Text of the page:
The “Blue Wave” hit Nevada last November as well, resulting in the election of Democrats to serve as Governor and Attorney General.  More aggressive enforcement and increased legislative activity are expected.  In this week’s podcast, we discuss the new AG’s likely enforcement priorities, the federal and state law enforcement tools available to him, and state legislation of interest to financial institutions that is likely to be considered in the next session.

To listen to the podcast, click here.

Earlier this month, we released a podcast in which we discussed our expectations for Colorado’s newly-elected Democratic Attorney General.  That podcast is available here.

 

Having declared the CFPB eviscerated by President Trump, Colorado’s newly elected Democratic Attorney General, Phil Weiser, is expected to take an active approach to consumer protection.  In this week’s podcast, Ballard Spahr Partner Matt Morr, based in the firm’s Denver office, discusses Mr. Weiser’s background, key appointees, and likely areas of focus.

To listen to the podcast, click here.

 

 

This afternoon, Pew Charitable Trusts will host an event in Washington, D.C. focusing on Ohio’s Fairness in Lending Act.  Enacted in July 2018, the Act places new limitations on payday loans including an interest rate cap, a limit on the total cost of a loan, and other structural restrictions.  The Act is viewed as a significant victory for consumer advocates with the potential to be followed through legislation in other states or through ballot initiatives.  (Last week, Colorado voters passed a ballot initiative that places a 36 percent APR cap on payday loans.)

At the event, Ohio legislators from both sides of the aisle, business leaders, advocates, and researchers will discuss the Act.  According to Pew’s description of the event, the topics will include a discussion of strategies “to advance meaningful reform in other states with payday loans.”

 

 

By an overwhelming vote (approximately 1,4270,000 million to 433,000), Colorado voters passed Proposition 111, a ballot initiative that places a 36 percent APR cap on payday loans.  The question presented to voters was:

Shall there be an amendment to the Colorado Revised Statutes concerning limitations on payday lenders, and, in connection therewith, reducing allowable charges on payday loans to an annual percentage rate of no more than thirty-six percent?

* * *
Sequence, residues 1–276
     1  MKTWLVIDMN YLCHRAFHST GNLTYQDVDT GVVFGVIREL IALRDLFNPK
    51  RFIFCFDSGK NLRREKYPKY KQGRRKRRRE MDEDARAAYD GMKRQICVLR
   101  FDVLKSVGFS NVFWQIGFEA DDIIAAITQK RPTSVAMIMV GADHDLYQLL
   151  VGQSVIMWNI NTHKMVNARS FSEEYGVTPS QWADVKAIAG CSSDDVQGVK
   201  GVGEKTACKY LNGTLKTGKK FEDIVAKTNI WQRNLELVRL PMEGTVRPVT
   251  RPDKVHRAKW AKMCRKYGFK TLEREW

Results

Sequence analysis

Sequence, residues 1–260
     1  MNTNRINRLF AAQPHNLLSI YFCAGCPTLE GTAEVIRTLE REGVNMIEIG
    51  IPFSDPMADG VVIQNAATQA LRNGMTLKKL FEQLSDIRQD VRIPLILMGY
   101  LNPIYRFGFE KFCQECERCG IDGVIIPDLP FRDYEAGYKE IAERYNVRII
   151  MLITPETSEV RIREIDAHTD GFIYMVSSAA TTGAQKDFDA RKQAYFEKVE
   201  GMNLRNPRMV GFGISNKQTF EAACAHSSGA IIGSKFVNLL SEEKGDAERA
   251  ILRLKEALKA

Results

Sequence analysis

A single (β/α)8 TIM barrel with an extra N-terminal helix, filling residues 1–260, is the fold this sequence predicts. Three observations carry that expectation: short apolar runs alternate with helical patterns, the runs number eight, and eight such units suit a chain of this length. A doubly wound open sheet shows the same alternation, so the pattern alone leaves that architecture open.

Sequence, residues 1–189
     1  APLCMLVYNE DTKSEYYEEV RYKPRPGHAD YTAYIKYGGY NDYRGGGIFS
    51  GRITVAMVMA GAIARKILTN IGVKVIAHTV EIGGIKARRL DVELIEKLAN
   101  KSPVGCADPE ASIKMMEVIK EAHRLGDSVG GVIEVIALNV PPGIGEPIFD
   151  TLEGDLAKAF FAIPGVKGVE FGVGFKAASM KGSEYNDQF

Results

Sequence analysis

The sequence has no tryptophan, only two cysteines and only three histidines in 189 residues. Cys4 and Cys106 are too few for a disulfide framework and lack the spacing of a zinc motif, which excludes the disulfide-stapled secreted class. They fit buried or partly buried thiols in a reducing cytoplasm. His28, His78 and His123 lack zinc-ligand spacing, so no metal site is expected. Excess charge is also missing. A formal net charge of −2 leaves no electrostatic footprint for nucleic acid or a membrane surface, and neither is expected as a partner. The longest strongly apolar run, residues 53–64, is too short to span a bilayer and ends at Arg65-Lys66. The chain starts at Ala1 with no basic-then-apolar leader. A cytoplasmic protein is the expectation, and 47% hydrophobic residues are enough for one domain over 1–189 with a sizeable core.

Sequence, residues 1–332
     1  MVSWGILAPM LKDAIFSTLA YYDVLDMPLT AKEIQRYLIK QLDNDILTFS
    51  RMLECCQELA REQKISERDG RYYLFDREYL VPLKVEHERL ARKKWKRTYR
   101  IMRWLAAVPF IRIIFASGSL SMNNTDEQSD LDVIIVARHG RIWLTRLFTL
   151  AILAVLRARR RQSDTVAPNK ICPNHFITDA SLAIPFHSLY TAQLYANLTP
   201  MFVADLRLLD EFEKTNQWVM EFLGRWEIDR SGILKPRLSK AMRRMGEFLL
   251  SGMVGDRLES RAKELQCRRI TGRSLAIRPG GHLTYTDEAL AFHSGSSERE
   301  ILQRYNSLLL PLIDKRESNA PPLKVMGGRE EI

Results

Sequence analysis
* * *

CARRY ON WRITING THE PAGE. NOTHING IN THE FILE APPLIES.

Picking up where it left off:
As described on the Colorado Secretary of State’s website, Proposition 111 “would restrict the charges on payday loans to a yearly rate of 36 percent and would eliminate all other finance charges and fees associated with payday lending.”

Colorado’s Attorney General has indicated that at least half of all retail lenders closed their doors following the enactment of legislation in 2010 that restricted payday loan fees to an average APR of about 120%.  We suspect that Proposition 111 will have a similar effect, with only the most efficient operators remaining that can rely on sheer volume, sophisticated underwriting, and other product structures available under the Colorado Consumer Credit Code.

According to American Banker, the passage of Proposition 111 makes Colorado the fifth state to impose rate caps on payday loans through a voter referendum.  The other states to have done so are South Dakota, Ohio, Arizona, and Montana.

 

 

In two closely-watched enforcement actions pending in Colorado state court, the Administrator of the Uniform Consumer Credit Code for the State of Colorado is employing the “true lender” theory and the Second Circuit’s decision in Madden v. Midland Funding, LLC to challenge two bank-model lending programs.  Specifically, the Administrator asserts that the origination of the loans by state-chartered banks should be disregarded under the “predominant economic interest” test employed by some district courts in true lender cases, and that the banks’ power to export interest rates under federal law does not follow loans they assign to their program partners.  For these reasons, the Administrator contends that the loans are subject to Colorado usury laws despite the fact that state interest rate limits on state bank loans are preempted by Section 27 of the Federal Deposit Insurance Act (FDIA).